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DD is a US citizen in another country.  She is on the list in that country for vaccine but does not qualify yet.   I do not see how it would be efficient for the US to provide a vaccine for specific individuals abroad.  Even if the US government told foreign governments it would reimburse them for the vaccine for each US citizen who is vaccinated, the cost of administering that would be larger than the payments themselves.  I could see two reasonable possibilities in which the US could make the vaccine available to some expats--have vaccines available at US military bases and US embassies and allow non-military and non-embassy employees who are US citizens to receive vaccines at those locations.  

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Posted (edited)

We are ex-pats living overseas--we got vaccinated via the local gov't drives.  Like others have said, US expats are ALL over the world -- I never would expect the US gov't to provide ME with a vaccine while living in another country.  If we weren't able to get one here or only ones we didn't want, we'd undergo the inconvenience of flying back to the States for vaccines.  Living abroad has plusses and minuses...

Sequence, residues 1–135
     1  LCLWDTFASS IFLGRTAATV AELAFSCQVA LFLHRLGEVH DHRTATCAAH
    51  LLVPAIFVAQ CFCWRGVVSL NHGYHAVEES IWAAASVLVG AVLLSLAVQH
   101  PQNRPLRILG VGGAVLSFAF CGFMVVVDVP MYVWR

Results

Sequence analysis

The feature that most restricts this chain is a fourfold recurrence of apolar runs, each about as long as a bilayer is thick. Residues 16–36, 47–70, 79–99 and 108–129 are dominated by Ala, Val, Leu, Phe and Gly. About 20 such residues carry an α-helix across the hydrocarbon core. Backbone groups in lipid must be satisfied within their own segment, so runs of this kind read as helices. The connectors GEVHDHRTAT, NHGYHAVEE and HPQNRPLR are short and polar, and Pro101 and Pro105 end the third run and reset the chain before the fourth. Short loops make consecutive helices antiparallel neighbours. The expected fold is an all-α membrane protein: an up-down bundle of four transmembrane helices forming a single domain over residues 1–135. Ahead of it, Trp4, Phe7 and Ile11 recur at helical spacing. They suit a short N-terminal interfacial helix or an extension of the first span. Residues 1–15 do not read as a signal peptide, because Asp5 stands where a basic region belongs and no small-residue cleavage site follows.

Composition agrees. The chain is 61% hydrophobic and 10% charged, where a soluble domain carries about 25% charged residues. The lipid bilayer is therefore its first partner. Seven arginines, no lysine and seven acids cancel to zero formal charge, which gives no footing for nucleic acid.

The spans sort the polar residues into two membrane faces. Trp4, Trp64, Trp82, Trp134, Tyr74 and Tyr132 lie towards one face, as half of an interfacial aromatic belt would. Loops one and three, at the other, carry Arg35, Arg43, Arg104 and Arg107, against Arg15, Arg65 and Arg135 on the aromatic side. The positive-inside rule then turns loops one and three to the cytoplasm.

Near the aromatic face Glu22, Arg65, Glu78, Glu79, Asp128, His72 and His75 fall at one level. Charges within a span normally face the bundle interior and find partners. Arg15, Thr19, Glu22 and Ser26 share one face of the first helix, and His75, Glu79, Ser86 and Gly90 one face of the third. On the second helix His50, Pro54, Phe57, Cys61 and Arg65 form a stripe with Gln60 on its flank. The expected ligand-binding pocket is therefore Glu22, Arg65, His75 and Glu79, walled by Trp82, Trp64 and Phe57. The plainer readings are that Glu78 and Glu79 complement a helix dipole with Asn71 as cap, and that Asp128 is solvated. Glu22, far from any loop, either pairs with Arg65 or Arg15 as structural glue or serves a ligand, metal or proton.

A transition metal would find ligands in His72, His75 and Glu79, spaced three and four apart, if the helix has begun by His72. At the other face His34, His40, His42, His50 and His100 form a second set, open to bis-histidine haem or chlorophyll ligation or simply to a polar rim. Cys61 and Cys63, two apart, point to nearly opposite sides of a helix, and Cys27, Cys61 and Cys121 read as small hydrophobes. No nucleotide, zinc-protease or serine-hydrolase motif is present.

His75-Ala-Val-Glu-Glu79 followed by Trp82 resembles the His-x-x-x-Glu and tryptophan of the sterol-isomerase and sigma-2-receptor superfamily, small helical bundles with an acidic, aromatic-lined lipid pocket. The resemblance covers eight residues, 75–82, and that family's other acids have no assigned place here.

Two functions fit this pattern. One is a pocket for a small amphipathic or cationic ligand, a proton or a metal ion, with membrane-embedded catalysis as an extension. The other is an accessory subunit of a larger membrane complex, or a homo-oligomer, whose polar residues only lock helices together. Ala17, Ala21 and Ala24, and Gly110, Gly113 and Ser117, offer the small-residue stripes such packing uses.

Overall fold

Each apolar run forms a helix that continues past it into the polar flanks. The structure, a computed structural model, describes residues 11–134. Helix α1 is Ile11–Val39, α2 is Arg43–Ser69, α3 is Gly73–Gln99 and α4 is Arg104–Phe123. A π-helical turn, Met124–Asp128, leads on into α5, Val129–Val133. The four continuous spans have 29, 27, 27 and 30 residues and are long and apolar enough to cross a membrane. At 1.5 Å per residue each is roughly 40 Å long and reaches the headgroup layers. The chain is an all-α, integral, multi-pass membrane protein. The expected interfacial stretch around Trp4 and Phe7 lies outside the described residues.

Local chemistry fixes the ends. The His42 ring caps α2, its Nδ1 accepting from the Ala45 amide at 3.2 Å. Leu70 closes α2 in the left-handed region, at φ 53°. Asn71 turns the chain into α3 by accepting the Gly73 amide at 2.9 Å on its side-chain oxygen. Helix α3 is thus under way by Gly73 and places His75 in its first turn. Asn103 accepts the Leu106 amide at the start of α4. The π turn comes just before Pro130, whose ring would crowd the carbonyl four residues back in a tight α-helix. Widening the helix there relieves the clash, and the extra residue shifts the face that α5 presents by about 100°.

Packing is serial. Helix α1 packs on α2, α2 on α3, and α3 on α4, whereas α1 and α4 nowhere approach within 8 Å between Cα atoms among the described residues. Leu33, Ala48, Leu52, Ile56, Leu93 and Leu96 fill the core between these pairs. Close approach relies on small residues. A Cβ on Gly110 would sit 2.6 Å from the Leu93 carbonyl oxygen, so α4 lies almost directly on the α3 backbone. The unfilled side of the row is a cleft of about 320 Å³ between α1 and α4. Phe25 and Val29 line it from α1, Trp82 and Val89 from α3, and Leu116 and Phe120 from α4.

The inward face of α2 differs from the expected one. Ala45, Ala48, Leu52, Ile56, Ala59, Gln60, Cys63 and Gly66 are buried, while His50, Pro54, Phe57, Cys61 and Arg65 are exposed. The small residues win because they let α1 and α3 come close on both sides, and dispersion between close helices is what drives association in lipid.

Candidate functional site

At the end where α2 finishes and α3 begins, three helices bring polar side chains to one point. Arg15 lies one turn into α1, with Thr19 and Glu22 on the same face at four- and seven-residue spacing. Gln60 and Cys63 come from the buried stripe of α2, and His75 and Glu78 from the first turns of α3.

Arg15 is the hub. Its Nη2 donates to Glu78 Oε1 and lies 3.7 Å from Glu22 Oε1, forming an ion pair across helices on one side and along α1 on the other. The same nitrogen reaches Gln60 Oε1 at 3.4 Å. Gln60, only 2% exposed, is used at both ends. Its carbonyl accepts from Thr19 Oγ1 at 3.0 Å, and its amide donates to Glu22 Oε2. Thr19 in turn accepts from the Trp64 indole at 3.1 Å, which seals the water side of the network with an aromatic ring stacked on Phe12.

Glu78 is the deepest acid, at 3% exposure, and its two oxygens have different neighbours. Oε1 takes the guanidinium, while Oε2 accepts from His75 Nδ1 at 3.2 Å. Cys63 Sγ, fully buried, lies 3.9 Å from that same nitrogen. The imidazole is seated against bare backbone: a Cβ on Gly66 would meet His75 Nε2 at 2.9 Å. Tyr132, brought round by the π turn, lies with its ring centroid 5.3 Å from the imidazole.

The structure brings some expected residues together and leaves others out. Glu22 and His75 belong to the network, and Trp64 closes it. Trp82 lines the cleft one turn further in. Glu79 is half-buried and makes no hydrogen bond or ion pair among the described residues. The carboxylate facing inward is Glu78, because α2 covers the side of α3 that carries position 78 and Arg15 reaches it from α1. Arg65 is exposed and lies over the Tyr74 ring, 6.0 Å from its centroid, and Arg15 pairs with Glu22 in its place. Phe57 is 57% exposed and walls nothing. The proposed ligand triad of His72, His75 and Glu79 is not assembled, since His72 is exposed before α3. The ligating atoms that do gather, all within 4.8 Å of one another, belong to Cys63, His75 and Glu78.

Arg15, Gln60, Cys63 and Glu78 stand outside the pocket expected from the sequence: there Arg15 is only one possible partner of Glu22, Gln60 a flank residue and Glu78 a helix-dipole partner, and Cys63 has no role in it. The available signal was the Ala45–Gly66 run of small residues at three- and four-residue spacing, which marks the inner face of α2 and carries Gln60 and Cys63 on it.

Edited by VickiMNE
typo
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Posted (edited)

For military staff, yes. I feel there is a moral obligation if the country has surplus to get the vaccines to their outstation military staff e.g. US bases in Japan

For embassy staff, if feasible. 

Edited by Arcadia
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As EU citizen from country X living in country Y we get the vaccins in the country where we live. 
Citizens from this country, living outside the EU may choose to get the vaccin where they live, or travel back and get it here. 
 

 

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I think if you are associated with the US (diplomacy or military or embassy worker) or a dependent of that group they should be sending vaccines to the embassies. 
 

If you are just an expat, no. Though I understand with the current high rate expat tax situation why people are feeling salty. Your taxes are paying into a system and subsidies for US citizens yet you can’t access those benefits from where you are at.